With 500 actors and dancers, the magnitude of this show can’t be understated. It’s not a singular story with a narrator or main characters. But instead a series of woven events that translate into a better understanding of its only character, the city of Hoi An. Massive moveable props emerge through the ages as fluid as the river channel alongside its stage. You’ll find information about showtimes and how to reach this special place in our full article here.
Hoi An Water Puppet Show
If you’re looking for an equally authentic but more budget-friendly performance then this is the one for you. These shows contain traditional folktales and fables with morals as well as some wit. Unique for its aesthetics, a water-based setting garnished with beautifully handcrafted puppets. The performances are of course child-friendly but adults find them equally enjoyable.
The show’s introductions are in English but the puppets conversations are in Vietnamese. However, the happenings are all intelligible through the sights and sounds of the performance. Book tickets easily at any ticket booth around the Old Town.
Hidden Hint: Get there 10 minutes before as seats aren’t assigned
#2 Have a New Wardrobe Tailor Made
Tailors in Hoi An are even more ubiquitous than masseuses, making the urge to suit up almost overpowering!
Hoi An can thank its status as a major port for its tailoring heritage. Since the silk trade, families have been passing on their skills to new generations and making sure their long-standing tradition lives on. This tradition became less prominent during recent conflicts in Vietnam and foreigners were out of the loop of Hoi An’s specialisation. That is until the upsurge of the internet and tailoring places became widely reviewed and revered. Consequently leading to a higher demand for quality and widespread knowledge of their unbelievably low prices.
Tailoring quality and pricing can be split into three categories, high-end, mid-range and the fabric market. In a town with over 200 tailors, the first step to take is to thoroughly check online reviews and overall experiences with a specific tailoring store. The quality of the clothes is important but staff relations with customers are essential in case of any dissatisfaction with the final product.
Top of the line tailors can make you a suit from anywhere between 3,000,000 VND (129 USD) – 6,500,000 VND (280 USD). Whereas the low-end range at the fabric market starts at just over 2,000,000 VND (86 USD), but you’ll need to haggle. Hidden reviewed a selection of tailors from each price range, for our recommendations and an overall impression of what to expect, click here.
#1 Thing to Do in Hoi An – Buy a Ticket and Visit the Old Town
The epicentre of “Things to do in Hoi An” is, of course, the Old Town. Being a prominent trading port in the 16th and 17th centuries means French, Chinese and Japanese traders all left their mark here. This makes for some jaw-dropping visuals which in itself is enough to keep any tourist musing. Organically exploring is stimulating enough but there are particular sights and activities of note. Lantern lit boat rides, 200-year-old communal houses and traditional theatrical performances are just some of the things on offer. To fully prepare your itinerary, click here for everything to see and do in this magical place as well as the best times to visit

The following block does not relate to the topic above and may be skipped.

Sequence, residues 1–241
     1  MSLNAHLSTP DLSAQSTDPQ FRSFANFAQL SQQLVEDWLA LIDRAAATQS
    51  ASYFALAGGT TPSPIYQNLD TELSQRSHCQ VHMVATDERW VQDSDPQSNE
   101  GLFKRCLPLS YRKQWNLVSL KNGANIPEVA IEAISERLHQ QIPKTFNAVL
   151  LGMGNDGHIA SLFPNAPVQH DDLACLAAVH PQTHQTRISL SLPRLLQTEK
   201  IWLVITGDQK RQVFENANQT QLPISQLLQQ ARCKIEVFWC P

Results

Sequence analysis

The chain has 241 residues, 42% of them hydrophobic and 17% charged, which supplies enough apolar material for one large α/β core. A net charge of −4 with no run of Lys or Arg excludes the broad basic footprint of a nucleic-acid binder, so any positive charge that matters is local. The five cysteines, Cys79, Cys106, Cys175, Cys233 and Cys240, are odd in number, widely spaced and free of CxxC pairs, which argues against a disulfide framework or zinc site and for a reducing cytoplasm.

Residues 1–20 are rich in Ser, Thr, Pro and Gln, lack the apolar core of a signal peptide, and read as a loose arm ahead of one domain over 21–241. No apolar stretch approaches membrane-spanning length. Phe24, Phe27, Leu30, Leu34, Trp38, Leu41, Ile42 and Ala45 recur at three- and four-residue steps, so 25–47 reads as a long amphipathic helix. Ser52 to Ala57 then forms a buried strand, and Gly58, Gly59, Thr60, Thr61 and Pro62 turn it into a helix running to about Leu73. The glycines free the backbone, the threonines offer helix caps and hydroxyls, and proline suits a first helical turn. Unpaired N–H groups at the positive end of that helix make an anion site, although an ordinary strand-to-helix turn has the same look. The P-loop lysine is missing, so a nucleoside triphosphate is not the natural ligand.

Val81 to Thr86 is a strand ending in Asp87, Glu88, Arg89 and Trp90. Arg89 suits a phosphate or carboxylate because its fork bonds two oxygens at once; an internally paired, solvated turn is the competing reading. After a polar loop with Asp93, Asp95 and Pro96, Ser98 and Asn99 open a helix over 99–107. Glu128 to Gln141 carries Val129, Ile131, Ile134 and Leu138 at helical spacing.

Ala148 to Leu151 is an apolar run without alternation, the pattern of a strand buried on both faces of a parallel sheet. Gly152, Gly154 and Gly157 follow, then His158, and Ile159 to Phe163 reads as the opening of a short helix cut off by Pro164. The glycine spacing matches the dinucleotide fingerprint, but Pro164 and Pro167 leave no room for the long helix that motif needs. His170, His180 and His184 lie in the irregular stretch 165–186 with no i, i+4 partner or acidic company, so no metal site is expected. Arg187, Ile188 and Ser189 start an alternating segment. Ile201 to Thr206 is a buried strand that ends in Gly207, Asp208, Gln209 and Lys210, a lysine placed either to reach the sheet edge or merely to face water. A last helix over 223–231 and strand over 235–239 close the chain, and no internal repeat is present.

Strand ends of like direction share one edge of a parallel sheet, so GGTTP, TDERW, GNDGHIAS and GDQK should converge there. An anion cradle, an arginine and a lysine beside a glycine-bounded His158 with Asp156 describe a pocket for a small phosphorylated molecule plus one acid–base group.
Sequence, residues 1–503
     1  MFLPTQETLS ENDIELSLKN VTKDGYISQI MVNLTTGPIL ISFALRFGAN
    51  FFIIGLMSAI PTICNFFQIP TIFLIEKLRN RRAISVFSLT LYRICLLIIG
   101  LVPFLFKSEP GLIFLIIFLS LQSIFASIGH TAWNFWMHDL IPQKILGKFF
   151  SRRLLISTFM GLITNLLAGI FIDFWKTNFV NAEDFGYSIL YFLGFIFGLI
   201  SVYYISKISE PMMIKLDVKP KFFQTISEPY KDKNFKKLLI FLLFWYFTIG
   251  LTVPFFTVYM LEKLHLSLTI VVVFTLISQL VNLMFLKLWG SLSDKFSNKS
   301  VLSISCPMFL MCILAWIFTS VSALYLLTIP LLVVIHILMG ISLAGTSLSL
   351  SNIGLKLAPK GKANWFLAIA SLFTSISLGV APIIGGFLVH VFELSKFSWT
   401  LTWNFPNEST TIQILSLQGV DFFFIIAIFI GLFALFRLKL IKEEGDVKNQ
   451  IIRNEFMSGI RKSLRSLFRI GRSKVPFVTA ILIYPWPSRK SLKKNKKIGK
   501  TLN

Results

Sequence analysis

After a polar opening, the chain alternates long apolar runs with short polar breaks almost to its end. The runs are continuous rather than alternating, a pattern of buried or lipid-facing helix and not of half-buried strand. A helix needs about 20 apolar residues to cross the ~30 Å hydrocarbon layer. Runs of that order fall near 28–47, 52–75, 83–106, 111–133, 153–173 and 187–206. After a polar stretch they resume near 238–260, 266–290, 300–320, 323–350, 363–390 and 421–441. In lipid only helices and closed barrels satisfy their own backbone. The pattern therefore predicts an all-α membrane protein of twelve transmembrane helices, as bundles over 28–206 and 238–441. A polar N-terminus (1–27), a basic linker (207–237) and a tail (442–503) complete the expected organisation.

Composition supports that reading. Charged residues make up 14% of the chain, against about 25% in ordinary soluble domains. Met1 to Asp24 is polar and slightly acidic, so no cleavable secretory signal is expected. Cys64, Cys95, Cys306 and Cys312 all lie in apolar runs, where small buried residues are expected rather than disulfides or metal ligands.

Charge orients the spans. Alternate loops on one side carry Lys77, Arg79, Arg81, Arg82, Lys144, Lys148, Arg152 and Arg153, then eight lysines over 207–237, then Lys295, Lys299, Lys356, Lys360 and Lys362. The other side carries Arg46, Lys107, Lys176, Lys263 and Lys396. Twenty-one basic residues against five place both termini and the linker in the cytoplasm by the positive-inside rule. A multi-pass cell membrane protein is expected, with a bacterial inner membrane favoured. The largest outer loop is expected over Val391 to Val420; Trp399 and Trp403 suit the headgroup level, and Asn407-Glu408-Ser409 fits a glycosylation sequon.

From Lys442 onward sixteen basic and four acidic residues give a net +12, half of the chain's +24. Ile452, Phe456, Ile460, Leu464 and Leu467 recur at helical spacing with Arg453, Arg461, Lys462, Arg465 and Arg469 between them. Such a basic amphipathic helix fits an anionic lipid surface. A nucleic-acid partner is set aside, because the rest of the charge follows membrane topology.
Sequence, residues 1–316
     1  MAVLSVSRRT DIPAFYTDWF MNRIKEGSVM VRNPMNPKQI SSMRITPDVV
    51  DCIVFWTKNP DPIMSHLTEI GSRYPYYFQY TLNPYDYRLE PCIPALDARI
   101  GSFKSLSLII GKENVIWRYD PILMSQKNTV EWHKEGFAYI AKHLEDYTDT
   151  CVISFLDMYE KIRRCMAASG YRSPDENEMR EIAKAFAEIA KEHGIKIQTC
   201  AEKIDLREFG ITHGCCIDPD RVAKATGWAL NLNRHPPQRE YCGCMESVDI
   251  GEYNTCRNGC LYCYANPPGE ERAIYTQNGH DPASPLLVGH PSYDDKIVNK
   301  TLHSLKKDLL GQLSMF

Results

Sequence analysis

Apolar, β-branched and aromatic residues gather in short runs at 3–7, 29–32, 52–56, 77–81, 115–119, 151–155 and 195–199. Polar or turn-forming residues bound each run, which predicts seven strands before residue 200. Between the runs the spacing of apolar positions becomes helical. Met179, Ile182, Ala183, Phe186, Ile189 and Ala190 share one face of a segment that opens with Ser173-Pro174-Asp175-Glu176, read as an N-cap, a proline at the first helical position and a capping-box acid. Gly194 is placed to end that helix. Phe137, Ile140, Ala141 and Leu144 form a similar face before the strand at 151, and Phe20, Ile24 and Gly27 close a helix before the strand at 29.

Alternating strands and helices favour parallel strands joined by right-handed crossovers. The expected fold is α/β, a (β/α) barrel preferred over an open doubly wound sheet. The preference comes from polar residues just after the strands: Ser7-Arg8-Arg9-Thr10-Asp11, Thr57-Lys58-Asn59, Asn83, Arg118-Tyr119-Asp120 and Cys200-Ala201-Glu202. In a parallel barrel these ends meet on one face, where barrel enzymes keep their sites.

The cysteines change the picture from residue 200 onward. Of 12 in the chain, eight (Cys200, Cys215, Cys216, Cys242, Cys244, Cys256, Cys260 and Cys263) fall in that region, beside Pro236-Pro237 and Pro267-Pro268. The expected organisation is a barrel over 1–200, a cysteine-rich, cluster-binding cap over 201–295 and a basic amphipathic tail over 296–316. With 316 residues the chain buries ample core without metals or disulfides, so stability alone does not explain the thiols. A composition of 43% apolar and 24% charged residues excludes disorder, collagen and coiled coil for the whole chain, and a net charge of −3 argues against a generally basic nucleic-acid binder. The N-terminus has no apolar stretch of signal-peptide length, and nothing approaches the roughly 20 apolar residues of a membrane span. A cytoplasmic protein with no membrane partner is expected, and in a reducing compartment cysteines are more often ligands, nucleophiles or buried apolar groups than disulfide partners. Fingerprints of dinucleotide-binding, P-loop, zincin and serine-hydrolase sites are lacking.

Explore the Old Town on foot because the roads close off to motorbikes and scooters at certain times of the day. So make sure to take advantage by breathing it all in. Technically entrance tickets are mandatory but this isn’t consistently enforced. Meaning it’s unlikely you’ll be stopped unless you’re with a tour guide or a large group of friends. On the other hand, the ticket does grant you access to five different sites of your choosing from historic buildings, museums and heritage houses. The tickets cost 120,000 VND (5 USD) and the funding goes towards the preservation and general upkeep of this UNESCO World Heritage Site. For a comprehensive breakdown of the sites on offer as well as where to purchase said tickets, click here
Hidden Hoi An’s Thoughts
This is not a definitive list but is a sturdy base for you to build your itinerary. Be sure to check out our extended links for more information on how to best relish your stay here.
Hoi An values the preservation of its history above all else. So even with the continual economic transformation brought through tourism, and maybe because of it, the city is heart set on retaining its authenticity. Be that through culture shows, historical sites or frantic roads. The town is adored by locals and tourists alike due to its foundation in strong traditional values. In turn, these values have the ability to create an ever increasingly better livelihood for the Vietnamese locals who are part of it.